Paul Fawcatt posted a great blog in which he listed five security practices in Agile product development. I thought he really hit the nail on the head so I will highlight the five points here:
- Make stakeholders part of the risk assessment
Paul says you should bring the team and stakeholders together, not only at the start of a project, but frequently, to explore what can happen and decide how you can deal with that. You can also document the decisions made in risk sessions in the DoD as criteria which need to be satisfied before software is completed. You can define the ‘Done’ at your team board to ensure that the security is taken into consideration during product development.
- Let stakeholders conduct security tests during the product review
At the product review, which is also called as a demo, the team will present the product and ask for an opinion. Stakeholders will have the opportunity to try the software, which also provides a chance to break the system’s security and try things that intruders or deceptive users would do to see how the system reacts. Then the team and stakeholders can decide what issues will be done to assure that the systems will remain secure.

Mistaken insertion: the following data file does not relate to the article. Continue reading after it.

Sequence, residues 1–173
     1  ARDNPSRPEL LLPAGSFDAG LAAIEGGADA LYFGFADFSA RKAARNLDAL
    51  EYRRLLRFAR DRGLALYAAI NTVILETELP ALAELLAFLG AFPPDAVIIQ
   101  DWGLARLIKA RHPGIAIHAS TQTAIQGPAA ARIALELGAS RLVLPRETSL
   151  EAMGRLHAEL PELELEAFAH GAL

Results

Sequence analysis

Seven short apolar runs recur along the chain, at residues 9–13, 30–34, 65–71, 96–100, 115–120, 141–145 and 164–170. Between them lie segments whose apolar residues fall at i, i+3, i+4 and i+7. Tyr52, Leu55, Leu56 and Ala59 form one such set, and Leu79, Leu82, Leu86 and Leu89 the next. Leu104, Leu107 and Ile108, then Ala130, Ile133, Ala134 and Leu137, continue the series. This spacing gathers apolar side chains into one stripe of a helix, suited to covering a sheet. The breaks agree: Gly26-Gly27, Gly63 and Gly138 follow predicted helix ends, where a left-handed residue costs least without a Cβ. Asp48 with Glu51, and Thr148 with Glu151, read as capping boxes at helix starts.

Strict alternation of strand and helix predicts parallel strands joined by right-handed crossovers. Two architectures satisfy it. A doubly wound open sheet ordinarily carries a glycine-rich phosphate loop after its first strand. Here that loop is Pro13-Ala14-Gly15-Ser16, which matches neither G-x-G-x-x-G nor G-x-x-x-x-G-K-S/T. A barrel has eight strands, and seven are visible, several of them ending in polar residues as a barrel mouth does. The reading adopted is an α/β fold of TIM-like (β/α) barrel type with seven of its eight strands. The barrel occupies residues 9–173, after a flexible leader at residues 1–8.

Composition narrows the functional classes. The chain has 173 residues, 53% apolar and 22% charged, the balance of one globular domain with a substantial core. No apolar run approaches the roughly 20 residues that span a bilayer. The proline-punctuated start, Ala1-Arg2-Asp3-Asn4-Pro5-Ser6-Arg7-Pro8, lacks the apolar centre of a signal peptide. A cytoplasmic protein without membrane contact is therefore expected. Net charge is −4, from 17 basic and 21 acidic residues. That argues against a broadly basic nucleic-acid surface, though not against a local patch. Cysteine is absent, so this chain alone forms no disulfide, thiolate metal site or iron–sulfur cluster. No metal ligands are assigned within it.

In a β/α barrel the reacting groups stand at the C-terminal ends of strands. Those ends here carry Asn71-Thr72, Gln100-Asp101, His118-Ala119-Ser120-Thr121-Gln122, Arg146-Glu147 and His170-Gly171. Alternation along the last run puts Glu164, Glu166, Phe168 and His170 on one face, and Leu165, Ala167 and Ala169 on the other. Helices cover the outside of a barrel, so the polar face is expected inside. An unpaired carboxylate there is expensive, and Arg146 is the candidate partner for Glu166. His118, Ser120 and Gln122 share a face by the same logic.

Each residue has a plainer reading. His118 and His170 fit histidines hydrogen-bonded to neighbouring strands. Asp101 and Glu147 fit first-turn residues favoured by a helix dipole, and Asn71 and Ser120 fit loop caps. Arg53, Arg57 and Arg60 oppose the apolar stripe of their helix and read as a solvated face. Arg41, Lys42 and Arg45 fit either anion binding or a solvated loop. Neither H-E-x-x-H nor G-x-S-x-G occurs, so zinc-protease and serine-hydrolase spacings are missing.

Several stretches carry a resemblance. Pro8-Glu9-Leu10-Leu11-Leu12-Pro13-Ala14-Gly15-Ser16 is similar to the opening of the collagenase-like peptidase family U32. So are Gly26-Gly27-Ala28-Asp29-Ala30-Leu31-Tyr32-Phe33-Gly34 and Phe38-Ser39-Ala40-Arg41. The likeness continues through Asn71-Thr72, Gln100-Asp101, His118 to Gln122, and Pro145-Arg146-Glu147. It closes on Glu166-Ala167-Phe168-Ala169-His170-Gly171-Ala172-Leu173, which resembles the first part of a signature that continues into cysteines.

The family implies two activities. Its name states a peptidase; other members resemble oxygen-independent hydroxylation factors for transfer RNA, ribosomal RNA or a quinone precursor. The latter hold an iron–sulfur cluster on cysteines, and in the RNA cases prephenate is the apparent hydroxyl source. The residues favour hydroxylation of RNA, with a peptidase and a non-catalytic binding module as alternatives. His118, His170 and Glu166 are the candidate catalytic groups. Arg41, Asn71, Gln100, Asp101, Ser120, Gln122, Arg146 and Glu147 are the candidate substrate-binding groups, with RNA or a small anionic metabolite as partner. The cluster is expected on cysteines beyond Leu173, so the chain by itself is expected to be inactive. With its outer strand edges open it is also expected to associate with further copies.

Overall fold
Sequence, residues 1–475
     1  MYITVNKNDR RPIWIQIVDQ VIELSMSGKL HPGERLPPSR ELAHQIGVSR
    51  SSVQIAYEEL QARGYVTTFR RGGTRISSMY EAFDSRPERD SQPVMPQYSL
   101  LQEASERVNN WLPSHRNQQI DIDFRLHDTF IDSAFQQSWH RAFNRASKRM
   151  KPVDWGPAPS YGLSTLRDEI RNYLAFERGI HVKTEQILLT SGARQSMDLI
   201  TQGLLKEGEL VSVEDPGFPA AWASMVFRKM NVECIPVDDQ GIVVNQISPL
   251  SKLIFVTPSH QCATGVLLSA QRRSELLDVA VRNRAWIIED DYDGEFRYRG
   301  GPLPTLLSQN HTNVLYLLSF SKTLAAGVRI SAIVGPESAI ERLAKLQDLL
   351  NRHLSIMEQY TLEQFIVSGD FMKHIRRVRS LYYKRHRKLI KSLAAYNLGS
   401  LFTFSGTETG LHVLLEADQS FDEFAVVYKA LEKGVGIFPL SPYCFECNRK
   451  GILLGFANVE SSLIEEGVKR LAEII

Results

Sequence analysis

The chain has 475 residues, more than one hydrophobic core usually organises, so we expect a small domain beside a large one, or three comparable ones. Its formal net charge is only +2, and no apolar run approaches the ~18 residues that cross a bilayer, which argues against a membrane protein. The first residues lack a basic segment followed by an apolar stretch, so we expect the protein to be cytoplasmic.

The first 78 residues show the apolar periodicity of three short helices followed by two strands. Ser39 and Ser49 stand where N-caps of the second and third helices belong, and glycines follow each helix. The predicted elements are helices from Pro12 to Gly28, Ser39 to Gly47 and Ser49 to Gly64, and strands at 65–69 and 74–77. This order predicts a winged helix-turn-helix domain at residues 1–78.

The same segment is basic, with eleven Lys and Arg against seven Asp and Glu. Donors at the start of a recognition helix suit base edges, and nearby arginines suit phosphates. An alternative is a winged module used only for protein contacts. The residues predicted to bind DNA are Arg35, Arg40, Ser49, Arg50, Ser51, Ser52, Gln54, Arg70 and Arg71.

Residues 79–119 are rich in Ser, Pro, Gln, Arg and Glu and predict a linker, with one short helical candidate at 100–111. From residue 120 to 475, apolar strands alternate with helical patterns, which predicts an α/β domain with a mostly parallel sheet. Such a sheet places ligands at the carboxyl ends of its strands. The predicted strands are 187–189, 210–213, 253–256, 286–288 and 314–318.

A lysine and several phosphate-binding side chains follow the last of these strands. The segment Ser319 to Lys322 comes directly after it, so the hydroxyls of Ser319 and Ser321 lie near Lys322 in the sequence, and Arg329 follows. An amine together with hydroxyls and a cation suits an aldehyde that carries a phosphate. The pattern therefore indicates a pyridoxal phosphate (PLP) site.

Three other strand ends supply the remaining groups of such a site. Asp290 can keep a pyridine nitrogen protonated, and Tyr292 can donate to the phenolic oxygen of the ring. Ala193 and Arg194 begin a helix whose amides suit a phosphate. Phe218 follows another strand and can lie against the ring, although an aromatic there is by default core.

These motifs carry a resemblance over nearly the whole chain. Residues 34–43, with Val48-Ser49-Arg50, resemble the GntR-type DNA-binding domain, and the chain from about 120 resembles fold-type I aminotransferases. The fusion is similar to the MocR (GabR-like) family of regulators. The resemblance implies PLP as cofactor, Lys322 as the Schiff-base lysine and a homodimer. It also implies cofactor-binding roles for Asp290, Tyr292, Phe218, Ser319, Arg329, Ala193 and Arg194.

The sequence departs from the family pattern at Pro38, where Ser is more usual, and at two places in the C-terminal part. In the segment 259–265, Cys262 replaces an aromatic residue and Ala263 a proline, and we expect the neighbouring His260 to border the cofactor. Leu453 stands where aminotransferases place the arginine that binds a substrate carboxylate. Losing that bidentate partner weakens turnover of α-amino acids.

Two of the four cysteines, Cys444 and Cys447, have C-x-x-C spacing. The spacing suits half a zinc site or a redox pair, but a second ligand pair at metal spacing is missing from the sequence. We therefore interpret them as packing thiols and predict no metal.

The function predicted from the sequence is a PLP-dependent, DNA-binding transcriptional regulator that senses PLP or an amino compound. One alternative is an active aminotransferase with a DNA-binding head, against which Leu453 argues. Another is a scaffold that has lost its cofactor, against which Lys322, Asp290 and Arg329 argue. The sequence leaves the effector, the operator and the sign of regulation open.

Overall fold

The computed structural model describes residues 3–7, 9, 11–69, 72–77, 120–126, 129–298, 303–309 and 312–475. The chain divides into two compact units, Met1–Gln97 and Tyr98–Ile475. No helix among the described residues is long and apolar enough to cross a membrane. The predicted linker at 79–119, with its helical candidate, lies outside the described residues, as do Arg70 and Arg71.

- Introduce acceptance criteria to agree on how you will check the security of specific user stories
Acceptance criteria will not only formulate the requirements, they will also help to decide how many and what type of security measures are needed. Defining security aspects in advance will help the team to develop software that will meet security demands and to test if they are met before delivery.
- Use Agile retrospectives
Agile retrospectives help teams to review their type of working and continuously improve themselves. In the retrospective, you can uncover major or recurring security problems. It will help you to discover the main causes for security issues, which can be resolved to avoid similar issues in the future. Retrospectives will also help you to define the way the team resolves the security aspects.
- Group to minimize security damage
Paul’s last point is that when security is attacked, a quick and effective reaction is required to resolve the issue and prevent further damage. Grouping is an approach where a team focuses on solving one issue. People from different disciplines will work together to build a common understanding and come up with ways to address the issue, solve it, and put the updated software into operation. The team could involve some of their stakeholders, for example, product or project managers and people from production to be able to act effectively.
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